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Conference Recap: Coping with Risk and Family Dynamics

by Drea Thew

Presented at the 2006 Joining FORCEs Conference by Paul B. Jacobsen PhD, Program Leader, Psychosocial and Palliative Care Program, Moffitt Cancer Center

Dr. Jacobsen, a clinical psychologist who specializes in psychosocial oncology, discussed the emotional, psychological and family concerns that arise from genetic testing.

Even before testing, the act of gathering family history or requesting that relatives be tested can generate conflict within a family. After testing, informing family members of the results can be very difficult in light of prior family estrangement—as in Dr. Jacobsen’s example, “I haven’t spoken to my cousins in 25 years. Now I’m going to call them out of the blue to say they may have a genetic mutation that increases risk for breast and ovarian cancer?”

Conflict can also arise when the information is perceived as upsetting or useless (particularly in male relatives). Dr. Jacobsen suggests providing information in a neutral way that allows relatives to make their own choices (“I was tested and I have my results, are you interested?”), rather than in a directive way (“I have this mutation—you and your daughters need to get tested too”). When there is pre-existing family conflict, he recommends involving a neutral third party (such as a mental health professional) to help facilitate productive communication.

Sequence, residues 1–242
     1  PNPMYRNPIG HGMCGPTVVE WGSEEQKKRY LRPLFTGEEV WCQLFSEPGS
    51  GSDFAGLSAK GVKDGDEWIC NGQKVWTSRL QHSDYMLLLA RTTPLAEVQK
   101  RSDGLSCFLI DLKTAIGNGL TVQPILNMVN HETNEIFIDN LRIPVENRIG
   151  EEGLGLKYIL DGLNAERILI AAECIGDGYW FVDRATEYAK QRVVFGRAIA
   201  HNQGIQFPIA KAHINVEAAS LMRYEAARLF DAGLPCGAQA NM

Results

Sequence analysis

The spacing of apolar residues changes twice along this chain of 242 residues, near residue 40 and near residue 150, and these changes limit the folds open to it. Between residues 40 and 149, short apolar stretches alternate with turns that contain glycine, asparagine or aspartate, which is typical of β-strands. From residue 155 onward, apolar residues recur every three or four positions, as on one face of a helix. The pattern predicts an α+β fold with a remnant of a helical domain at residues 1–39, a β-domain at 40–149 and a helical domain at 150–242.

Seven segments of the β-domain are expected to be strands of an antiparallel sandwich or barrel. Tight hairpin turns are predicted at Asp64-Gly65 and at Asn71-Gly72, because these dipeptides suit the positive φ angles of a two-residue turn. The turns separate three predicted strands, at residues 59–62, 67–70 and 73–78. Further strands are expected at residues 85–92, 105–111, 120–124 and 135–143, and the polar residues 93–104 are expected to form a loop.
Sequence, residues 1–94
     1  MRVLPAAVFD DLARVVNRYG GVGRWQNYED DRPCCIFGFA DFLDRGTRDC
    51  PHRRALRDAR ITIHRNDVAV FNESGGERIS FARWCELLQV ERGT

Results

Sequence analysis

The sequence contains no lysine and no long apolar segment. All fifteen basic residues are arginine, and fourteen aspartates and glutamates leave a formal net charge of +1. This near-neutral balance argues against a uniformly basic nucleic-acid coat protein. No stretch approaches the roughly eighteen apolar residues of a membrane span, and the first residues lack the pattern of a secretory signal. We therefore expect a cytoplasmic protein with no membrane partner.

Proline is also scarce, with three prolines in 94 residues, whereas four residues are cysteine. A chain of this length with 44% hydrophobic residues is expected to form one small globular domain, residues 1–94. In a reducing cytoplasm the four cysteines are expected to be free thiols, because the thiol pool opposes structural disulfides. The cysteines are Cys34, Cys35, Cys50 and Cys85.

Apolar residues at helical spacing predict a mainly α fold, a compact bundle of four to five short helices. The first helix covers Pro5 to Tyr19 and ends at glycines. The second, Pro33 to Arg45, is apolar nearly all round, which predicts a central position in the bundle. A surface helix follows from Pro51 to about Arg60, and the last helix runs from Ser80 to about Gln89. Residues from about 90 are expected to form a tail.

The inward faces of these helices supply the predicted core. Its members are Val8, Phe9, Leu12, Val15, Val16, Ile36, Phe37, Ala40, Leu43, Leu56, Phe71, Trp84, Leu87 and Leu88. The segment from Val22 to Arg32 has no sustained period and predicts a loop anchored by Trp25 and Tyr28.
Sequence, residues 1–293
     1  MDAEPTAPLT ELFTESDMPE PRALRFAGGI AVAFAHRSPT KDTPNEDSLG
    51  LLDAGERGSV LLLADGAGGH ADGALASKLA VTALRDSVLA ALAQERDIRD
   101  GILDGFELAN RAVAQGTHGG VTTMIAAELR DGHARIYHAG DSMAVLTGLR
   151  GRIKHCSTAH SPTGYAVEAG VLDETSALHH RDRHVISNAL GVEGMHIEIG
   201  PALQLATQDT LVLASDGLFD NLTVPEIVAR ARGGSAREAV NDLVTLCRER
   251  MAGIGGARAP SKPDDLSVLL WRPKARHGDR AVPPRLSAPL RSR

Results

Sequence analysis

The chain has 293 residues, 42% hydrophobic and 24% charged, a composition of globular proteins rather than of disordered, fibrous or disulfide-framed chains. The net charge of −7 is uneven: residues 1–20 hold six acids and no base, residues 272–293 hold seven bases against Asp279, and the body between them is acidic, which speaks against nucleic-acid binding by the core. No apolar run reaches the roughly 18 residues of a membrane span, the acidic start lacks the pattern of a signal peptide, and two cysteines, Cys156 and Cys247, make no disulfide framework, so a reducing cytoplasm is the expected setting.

Dr. Jacobsen discussed why people might get “stuck” in choosing a risk management strategy. When an individual receives conflicting information from doctors, it can lead to mistrust of the information. Feeling there is always more information to acquire, that a new option is right around the corner, or that there is a “wrong” choice, may keep individuals from making a decision. Discord with a spouse or other loved ones about the right decision can cause confusion.

Dr. Jacobsen discussed “problem-solving therapy” as a strategy to help individuals get “unstuck” and move forward. This results-oriented therapy focuses on four steps:

  1. Problem definition and formulation
  2. Generation of alternatives
  3. Decision-making
  4. Solution implementation and verification

Drea Thew is a FORCE Helpline volunteer.

Coping: Additional Reading

B. Meiser, Psychological Impact of Genetic Testing for Cancer Susceptibility: An Update of the Literature. Psychooncology, December 2005; 14(12):1060-74.

Testing for Cancer: Psychological Approaches for Helping Patients and Families by Andrea Patenaude (American Psychological Association, 2004).

Helping Cancer Patients Cope: A Problem-Solving Approach by Arthur Nezu, Ph.D. (American Psychological Association, 1998).

Conference Webcast

View a free webcast of the audio and PowerPoint slides from our 2006 Joining FORCEs conference.

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